Physical Activity and Cognitive Function among Older Adults with Congestive Heart Failure Patients


Paul D. Loprinzi Elizabeth Crush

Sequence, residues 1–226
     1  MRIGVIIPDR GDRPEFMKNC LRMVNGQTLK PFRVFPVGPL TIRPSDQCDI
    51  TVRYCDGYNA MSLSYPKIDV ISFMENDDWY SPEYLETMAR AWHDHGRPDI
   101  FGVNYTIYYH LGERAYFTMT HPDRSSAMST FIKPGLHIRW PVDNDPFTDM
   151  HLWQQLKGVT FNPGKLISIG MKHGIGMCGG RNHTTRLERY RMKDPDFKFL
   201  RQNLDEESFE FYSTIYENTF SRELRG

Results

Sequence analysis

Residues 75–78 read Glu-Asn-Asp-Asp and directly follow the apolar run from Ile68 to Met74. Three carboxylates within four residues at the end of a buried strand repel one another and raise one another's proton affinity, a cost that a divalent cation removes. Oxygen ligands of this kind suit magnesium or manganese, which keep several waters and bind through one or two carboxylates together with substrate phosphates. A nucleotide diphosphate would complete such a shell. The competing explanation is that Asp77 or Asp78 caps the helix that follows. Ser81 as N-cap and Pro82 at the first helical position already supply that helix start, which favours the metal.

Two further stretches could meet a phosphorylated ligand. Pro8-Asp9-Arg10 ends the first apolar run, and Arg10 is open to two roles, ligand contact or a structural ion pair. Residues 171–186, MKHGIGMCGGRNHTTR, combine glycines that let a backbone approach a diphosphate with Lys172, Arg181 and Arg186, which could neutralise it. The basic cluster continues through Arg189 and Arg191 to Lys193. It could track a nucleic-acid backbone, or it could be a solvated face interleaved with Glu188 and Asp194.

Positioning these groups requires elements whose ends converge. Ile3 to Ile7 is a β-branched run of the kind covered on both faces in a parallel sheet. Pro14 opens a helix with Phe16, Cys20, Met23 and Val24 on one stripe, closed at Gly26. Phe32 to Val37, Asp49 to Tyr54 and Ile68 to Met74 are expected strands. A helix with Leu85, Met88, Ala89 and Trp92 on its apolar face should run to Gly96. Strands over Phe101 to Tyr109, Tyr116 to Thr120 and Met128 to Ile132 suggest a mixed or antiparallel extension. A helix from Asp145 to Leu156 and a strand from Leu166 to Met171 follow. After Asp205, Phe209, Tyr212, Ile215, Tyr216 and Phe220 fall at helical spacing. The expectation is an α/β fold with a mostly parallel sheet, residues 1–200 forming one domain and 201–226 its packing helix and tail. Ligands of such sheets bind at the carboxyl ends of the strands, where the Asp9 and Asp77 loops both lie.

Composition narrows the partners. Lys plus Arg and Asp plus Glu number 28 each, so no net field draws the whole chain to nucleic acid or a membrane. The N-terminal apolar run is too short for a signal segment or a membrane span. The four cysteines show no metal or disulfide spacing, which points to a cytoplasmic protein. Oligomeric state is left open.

Objective: Research among the general population demonstrates that regular participation in physical activity is associated with enhanced cognitive function. Although less investigated among congestive heart failure patients, this is important to consider among congestive heart failure patients because this population exhibits less physical activity behavior, worse executive function, psychomotor speed and memory-related cognitive function. The purpose of this brief report was to examine the association between physical activity and cognitive function among congestive heart failure patients. Methods: Data from the 1999-2002 population-based National Health and Nutrition Examination Survey was used. Moderate-to-vigorous physical activity (MVPA) and congestive heart failure status were subjectively assessed, with cognitive function assessed via the Digit Symbol Substitution Test (DSST). Results: 133 participants (Agerange = 60-85; Agemean = 72.8; 51.3% male; 83.7% white) had congestive heart failure and complete data on the study variables. In a weighted multivariable linear regression accounting for the complex survey design employed in NHANES, congestive heart failure patients who engaged in any level of MVPA in the past month had a significantly higher DSST score (βadjusted = 5.40; 95% CI: 0.58-10.22; P=0.03). Conclusion: Physical activity was positively associated with cognitive function among congestive heart failure patients, which provides suggestive evidence that physical activity may help to preserve cognitive function among older adults with evidence of congestive heart failure.